“Mr. Fetterman has been an unrelenting champion for reversing Pennsylvania’s failed and draconic policies when it comes to marijuana,” stated NORML PAC Executive Director Erik Altieri, “He understands the absolute devastation prohibition has wrought on families across the state, most acutely in already marginalized communities. Having John Fetterman as Lieutenant Governor would be a huge step forward in advancing civil liberties and racial justice in the Keystone State, we are proud to support his candidacy and call upon voters to cast their vote for him in the upcoming primary and then send him to Harrisburg in November. Together, we can make real progress towards sensible marijuana policy in Pennsylvania.”

    Upon receiving the NORML PAC endorsement, Fetterman said, “I will never shy away from the doing the right thing, and fully legalizing marijuana is the right thing for Pennsylvania. We should go full-on Colorado. It’s a simple solution to the devastation I have seen first-hand of the Opioid Crisis, and the disproportionate impact of mass incarceration on communities of color. As Lt. Governor I will be the leading voice on this issue in Harrisburg.”

    Jeff Reidy, Executive Director of the Lehigh Valley NORML chapter commented on the National group’s endorsement saying, “Presenting John Fetterman with this National NORML endorsement represents the unanimous support of NORML Chapters statewide, and the community’s support for his campaign and his family values. Mr Fetterman has long been a supporter of cannabis reform, our organization, and our end goal of legalization.”

    According to the latest polling conducted by Independence Communications & Campaigns, Fetterman is leading the field of six candidates in the race for Lt. Governor with 20% of the vote. A September 2017 poll from Franklin and Marshall revealed that 59% of Pennsylvanians believe marijuana should be legalized and only 31% were opposed, the highest level of support the firm has reported for legalization since they began asking the question in 2006.

    Learn more about John Fetterman and his campaign by visiting his website, Facebook, or Twitter.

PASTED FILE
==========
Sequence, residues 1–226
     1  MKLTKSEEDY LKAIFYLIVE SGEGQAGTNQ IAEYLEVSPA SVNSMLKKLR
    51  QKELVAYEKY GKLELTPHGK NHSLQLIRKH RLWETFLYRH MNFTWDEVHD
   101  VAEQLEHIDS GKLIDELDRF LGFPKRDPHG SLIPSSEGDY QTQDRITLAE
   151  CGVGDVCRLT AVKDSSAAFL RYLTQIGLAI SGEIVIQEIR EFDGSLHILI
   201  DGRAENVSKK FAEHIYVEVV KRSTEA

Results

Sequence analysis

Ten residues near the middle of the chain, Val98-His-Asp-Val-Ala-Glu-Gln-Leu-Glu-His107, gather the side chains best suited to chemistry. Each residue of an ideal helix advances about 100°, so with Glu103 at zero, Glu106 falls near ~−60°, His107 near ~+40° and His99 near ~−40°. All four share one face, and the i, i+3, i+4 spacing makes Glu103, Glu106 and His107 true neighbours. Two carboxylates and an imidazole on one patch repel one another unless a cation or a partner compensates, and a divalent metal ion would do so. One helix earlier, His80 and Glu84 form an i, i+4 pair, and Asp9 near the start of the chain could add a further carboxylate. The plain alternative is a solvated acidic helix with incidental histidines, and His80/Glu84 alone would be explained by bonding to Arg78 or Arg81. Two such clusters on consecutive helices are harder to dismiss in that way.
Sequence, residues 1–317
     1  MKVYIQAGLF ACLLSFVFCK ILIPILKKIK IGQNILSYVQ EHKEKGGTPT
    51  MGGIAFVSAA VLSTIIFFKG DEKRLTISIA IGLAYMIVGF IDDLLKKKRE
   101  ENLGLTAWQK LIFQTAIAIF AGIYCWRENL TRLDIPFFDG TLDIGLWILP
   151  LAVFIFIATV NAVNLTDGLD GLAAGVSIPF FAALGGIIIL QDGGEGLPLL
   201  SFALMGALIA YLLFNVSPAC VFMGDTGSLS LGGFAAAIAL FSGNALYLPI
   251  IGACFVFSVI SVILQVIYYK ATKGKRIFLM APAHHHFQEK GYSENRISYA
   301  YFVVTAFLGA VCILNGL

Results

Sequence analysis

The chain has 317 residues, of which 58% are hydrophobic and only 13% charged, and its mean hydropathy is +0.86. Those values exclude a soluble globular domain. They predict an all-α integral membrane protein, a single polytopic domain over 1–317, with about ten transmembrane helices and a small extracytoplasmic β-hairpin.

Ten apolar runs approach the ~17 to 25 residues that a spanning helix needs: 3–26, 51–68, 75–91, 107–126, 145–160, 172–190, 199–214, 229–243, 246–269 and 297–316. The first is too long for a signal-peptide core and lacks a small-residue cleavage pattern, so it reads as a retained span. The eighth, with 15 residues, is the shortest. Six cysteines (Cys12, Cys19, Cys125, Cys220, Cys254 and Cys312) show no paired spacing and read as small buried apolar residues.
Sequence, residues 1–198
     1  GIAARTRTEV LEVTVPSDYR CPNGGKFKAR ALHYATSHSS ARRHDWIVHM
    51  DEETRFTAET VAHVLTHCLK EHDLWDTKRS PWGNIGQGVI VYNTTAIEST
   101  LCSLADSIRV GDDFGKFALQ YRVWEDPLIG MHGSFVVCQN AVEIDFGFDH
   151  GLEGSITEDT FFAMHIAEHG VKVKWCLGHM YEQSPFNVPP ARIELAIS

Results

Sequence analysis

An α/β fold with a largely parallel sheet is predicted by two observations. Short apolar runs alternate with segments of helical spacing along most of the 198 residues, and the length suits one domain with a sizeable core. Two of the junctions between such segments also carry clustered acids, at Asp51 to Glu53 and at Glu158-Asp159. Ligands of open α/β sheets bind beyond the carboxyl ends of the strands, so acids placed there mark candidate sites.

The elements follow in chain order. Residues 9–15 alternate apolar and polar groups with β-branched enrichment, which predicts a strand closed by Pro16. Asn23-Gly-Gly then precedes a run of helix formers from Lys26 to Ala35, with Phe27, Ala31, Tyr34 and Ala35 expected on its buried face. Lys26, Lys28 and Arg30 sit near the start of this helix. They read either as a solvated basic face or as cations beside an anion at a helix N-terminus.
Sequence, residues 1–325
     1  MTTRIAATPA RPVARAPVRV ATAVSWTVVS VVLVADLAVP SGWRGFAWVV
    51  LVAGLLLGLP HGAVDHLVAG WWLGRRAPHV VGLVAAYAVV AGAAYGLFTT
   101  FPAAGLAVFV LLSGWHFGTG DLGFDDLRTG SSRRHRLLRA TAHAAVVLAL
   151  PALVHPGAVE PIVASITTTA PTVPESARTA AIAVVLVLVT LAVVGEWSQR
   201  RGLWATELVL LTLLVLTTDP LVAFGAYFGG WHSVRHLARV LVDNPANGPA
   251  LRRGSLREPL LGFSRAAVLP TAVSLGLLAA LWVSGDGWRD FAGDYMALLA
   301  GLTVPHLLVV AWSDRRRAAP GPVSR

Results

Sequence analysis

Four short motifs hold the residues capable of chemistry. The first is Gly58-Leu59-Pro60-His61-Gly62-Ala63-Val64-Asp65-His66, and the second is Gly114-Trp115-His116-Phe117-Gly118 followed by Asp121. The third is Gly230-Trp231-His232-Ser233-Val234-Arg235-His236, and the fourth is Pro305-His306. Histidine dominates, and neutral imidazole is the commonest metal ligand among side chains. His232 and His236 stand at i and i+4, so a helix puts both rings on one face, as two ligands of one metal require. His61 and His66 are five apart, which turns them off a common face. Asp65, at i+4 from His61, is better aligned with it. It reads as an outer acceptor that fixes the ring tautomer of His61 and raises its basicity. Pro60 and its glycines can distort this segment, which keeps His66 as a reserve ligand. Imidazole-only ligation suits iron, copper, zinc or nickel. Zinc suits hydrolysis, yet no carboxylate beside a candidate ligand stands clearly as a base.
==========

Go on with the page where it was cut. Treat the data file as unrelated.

The Pennsylvania Democratic Primary will be held on Tuesday, May 15th. You can check your voter registration and find your polling place by clicking HERE.

  • by NORML April 24, 2018

    We are pleased to release our 2018 Gubernatorial Scorecard. This extensive database assigns a letter grade ‘A’ through ‘F’ to states’ governors based upon their comments and voting records specific to matters of marijuana policy.

    KEY FINDINGS

    • Twenty-four US governors received a passing grade of ‘C’ or higher (14 Democrats, 9 Republicans, and 1 Independent)
    • Of these, only two US governors, both Democrats, received an ‘A’ grade
    • Fifteen governors received a ‘B’ grade (9 Democrats, 5 Republicans, and 1 Independent)
    • Seven governors received a ‘C’ grade (4 Republicans and 3 Democrats)
    • Nineteen governors received a ‘D’ grade (18 Republicans and 1 Democrat)
    • Four governors received a failing ‘F’ grade (All Republicans)
    • Three governors received no grade because of insufficient data
    • Of the 31 Republican US governors receiving a letter grade, only nine of them received a passing grade of ‘C’ or higher (34 percent)
    • Of the 15 Democratic US governors receiving a letter grade, 14 of them received a passing grade of ‘C’ or higher (93 percent)

    Commenting on the results, NORML Executive Director Erik Altieri stated, “While federal officials tend to receive most of the scrutiny in the fight for marijuana law reform, it is not just members of Congress who deserve our attention. In fact, with the majority of marijuana-related campaigns decided on the state level, it is our nation’s governors who often hold the key to our success or failure.”

    Similar to the findings of NORML’s 2016 Governors Scorecard, this gubernatorial analysis once again affirms that voters’ views on marijuana policy are typically more progressive than the views held by the highest elected officials in their states – only 48 percent of whom received a passing grade from NORML. For example, while 64 percent of Americans support legalizing the use and sale of cannabis for adults, only two Governors are public in their support of this position. Governors overall are also far less supportive of legislation to legalize the medical use of cannabis than are their constituents – more than 90 percent of whom back these type of reform measures.